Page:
Late in October of 2009, New Jersey gubernatorial candidate Chris Christie used the Ridgewood Moving Company in Mahwah to stage a campaign event headlined by former Mayor Rudolph Giuliani. The cavernous warehouse was packed floor to ceiling with shrink wrapped pallets holding the possessions of dozens of families leaving New Jersey. It vividly symbolized the thousands of Jersey households that made the same decision that year to pull up stakes in hopes of a brighter future anywhere else.

The site was a compelling backdrop for Christie’s core campaign message. He was the candidate most likely to staunch the trend that had become so pronounced since the state’s congressional delegation shrank from 15 seats in the ’70s to 12.… Read the rest

January 14, 2015

Governor Trumpets Reforms – And Makes Surprising Pitch For School Vouchers

The following is an article from NJSpotlight.com, here is a link to the article:

Speech also touts initiative in Camden district but barely mentions more controversial changes in Newark

The issue of school vouchers just won’t die in New Jersey.

Gov. Chris Christie gave vouchers a surprising second life — or was it the third or fourth life? — during his State of the State address yesterday in Trenton.

“More school reform is needed, and a great first step is to listen to the visionary leadership of Sen. (Thomas) Kean and pass the Opportunity Scholarship Act,” Christie said, alluding to the voucher bill sponsored by Kean.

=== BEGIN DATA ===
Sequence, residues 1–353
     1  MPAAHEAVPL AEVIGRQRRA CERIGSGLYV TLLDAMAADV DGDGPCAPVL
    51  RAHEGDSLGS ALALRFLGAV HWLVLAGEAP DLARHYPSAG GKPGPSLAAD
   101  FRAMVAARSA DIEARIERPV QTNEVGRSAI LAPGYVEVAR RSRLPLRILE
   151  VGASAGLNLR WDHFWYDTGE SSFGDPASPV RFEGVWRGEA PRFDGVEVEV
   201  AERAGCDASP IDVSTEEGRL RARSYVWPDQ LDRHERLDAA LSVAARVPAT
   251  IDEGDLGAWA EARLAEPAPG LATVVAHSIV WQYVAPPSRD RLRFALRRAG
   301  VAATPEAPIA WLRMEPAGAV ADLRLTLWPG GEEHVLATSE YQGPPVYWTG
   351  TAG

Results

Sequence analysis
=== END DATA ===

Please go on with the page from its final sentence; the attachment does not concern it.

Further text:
“Let’s keep driving for better outcomes, and let’s give parents and students more choices, not less,” Christie said.

School vouchers have been a pet issue for Christie throughout his five years in office, but this time his call appeared to be wishful thinking, at best, as Democratic leaders scoffed at the idea and even some Republicans appeared to be caught by surprise.

Read the rest
January 14, 2015

Christie’s State Of The State Address Light On Pension Specifics

The following article is from NJ.com, here is a link to the article:


TRENTON — In his fifth State of the State address Tuesday, Gov. Chris Christie called the state’s struggling pension system “an insatiable beast.”

But despite rumors swirling the past week that he might use the platform to unveil a massive pension overhaul based on the recommendations from his pension commission, Christie offered little on how he intended to tame it.

The governor, who spoke at length about drug treatment and a Camden turnaround, dedicated roughly 10 percent of his remarks to the pension system without delivering any solutions.